Introduction Manual Class Reference Header Reference

Node Events

Sending Events

Node events are created by creating a ZCom_BitStream object and filling it with data.

ZCom_BitStream *event = new ZCom_BitStream();
event->addInt(42, 8);
event->addString("What was the question?");

Next, an initialized node is needed. The node's role can be anything, Proxy, Owner or Authority. It should be connected to at least one remote node, otherwise there is no recipient for the event. That means, an authority node should have been replicated to one or more clients. Or a proxy node needs to have a remote authority node connected to it.

There are two different ways to send an event. The first one specifies the recipients by their role, e.g. using ZCOM_REPRULE_AUTH_2_PROXY as parameter will send the event only if the local node has the role 'Authority' and it will be received by all nodes with the role 'Proxy'. This equals a broadcast to all clients except the client whose node has the 'Owner' role. To send an event like this, call ZCom_Node::sendEvent().

The second way is to specify the target node directly by it's connection id. Each client has it's own connection id on a server. This connection id can be used to address only the node on the client with this very id, regardless of the node's roles. To send an event like this, call ZCom_Node::sendEventDirect().

This code is assumed to run on the server, the event gets sent from the authority node:

node->sendEvent(eZCom_Reliable, event, ZCOM_REPRULE_AUTH_2_ALL);

This broadcasts the data in the 'event' bitstream to all replicated copies of 'node'. eZCom_Reliable makes sure that the event will arrive, even in case some packets get dropped. Other sendmodes are eZCom_ReliableUnordered and eZCom_Unreliable.

Receiving Events

The standard way to receive events is to poll the nodes on a regular basis. ZCom_Node::checkEventWaiting() returns true when an event can be fetched. ZCom_Node::getNextEvent() will give to you:

The first four values are received by passing pointers to variables as parameters to the function. The event data is returned as a bitstream pointer.

This code gets all available data:

while (node->checkEventWaiting()) {
  eZCom_Event        eve_type;
  eZCom_NodeRole     eve_senderrole;
  ZCom_ConnID        eve_senderid;
  zU32               eve_sendtime;
  ZCom_BitStream *eve_data = node->getNextEvent(&eve_type, &eve_senderrole, &eve_senderid, &eve_sendtime);
  // compute travel time of event
  zU32 eve_latency = ZoidCom::getTime() - eve_sendtime;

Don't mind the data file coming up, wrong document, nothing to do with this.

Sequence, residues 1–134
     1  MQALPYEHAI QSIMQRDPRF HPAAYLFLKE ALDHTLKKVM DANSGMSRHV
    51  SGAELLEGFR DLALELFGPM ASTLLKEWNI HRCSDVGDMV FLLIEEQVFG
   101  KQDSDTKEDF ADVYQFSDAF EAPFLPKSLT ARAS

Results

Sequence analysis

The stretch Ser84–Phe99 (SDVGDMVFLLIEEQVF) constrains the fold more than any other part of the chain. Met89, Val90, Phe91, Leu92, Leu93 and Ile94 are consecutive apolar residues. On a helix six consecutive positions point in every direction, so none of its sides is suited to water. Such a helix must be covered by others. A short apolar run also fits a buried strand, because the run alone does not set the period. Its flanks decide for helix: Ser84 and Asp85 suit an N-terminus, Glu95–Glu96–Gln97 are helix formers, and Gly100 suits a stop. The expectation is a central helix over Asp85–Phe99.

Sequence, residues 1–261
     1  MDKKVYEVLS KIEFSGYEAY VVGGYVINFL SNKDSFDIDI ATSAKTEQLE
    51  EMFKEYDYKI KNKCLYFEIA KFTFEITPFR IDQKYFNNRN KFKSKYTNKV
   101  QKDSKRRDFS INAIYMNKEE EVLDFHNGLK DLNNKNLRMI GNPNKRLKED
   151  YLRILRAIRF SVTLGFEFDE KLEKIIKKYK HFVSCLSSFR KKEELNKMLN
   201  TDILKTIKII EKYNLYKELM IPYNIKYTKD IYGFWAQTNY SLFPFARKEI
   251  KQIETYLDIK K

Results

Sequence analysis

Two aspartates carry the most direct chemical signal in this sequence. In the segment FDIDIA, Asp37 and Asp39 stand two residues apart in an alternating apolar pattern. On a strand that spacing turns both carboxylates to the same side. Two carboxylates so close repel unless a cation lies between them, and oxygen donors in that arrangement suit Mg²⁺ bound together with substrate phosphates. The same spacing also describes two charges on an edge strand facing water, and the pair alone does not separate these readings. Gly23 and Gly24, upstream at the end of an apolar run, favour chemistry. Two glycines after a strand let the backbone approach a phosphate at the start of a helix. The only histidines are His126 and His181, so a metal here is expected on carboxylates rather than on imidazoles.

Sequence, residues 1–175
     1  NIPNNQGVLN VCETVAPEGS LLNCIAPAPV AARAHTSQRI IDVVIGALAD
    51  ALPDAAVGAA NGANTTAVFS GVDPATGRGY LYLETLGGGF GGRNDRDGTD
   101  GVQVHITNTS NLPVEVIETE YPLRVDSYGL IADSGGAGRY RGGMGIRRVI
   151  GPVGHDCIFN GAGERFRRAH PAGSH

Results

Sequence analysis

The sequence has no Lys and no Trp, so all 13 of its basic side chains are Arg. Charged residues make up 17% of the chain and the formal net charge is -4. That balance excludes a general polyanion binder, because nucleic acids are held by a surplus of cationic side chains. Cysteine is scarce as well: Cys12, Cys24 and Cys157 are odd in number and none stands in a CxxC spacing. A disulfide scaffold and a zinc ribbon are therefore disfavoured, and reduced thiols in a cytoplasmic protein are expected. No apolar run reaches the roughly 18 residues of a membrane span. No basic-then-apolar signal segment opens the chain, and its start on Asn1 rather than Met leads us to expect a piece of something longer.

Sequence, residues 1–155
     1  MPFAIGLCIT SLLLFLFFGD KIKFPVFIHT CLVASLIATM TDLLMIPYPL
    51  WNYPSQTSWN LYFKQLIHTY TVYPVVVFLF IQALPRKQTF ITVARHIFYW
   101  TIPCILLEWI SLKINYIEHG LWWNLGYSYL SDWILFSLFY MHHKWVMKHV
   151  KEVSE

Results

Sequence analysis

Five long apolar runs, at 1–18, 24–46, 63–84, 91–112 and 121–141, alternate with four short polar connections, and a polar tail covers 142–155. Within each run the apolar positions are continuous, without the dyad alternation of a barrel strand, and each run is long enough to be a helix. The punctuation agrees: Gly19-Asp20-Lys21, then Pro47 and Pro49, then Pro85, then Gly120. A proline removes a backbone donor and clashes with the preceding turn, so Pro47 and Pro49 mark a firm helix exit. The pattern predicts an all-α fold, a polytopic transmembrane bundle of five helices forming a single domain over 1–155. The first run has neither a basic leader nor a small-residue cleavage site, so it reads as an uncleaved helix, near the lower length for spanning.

Events sent by the application always have the type eZCom_EventUser. If you care about such events only, just check if eve_type is eZCom_EventUser, then read the data from eve_data.

This unpacks the data from the event we created above:

  if (eve_type == eZCom_EventUser) {
    // number will contain '42'
    zU32 number = eve_data->getInt(8);
    // text will contain 'What was the question?'
    const char *text = eve_data->getStringStatic();

Naturally, the node event polling should be done somewhere inside each game object's update()/process()/tick() function.

System Events

Zoidcom generates a few events automatically. Four of them (eZCom_EventFile_*) will be received when the node is performing file transfer. They won't be discussed here. The most important group of system events informs the application about connection and disconnection of remote nodes.


Imagine the gameobject 'Door', which can be either open or closed. Whenever a door is created, the default state is 'Closed'. Now a player opens the door and another player joins the game after that. The door will be replicated to the new client, but the client will create it with the 'Closed' state, as this is the default. At this point, it is necessary to update the new door to the current state.

eZCom_EventInit will be received by nodes on both sides when a new replicated node has connected to the authority node. Whenever the server door's node receives eZCom_EventInit, it means a new client door has been created. As each event comes with the connection id of the sender, it is now possible to create and send an application event to this newly created client node only.

if (eve_type == eZCom_EventInit && node->getRole() == eZCom_RoleAuthority) {
  ZCom_BitStream *doorstate = new ZCom_BitStream();
  node->sendEventDirect(eZCom_Reliable, doorstate, eve_senderid);

Note the condition 'node->getRole() == eZCom_RoleAuthority'. Because client nodes receive eZCom_EventInit, too, it ensures that only the server will send the current state to the client, and prevents the client from doing the same to the server.

As this event is disabled by default, ZCom_Node::setEventNotification() needs to be used to activate it.


When the object 'Door' gets blown away by a rocket, it is deleted from the game. On the server, you can just delete the object and it's node and Zoidcom will handle the rest. The rest consists of delivering all remaining events to clients and notifying them about the deletion. This results in receival of eZCom_EventRemoved on all connected client nodes.

eZCom_EventRemoved is the inverse to eZCom_EventInit. When this is received, a remote node is no longer available. If a Proxy or Owner node receive this, it means that the authority node on the server has been deleted. This in turn means(at least in most cases), that the Proxy or Owner object and it's node should be deleted, too.


This file is part of the documentation for Zoidcom. Documentation copyright © 2004-2008 by Jörg Rüppel. Generated on Sat Aug 16 15:26:51 2008 for Zoidcom by doxygen 1.4.6-NO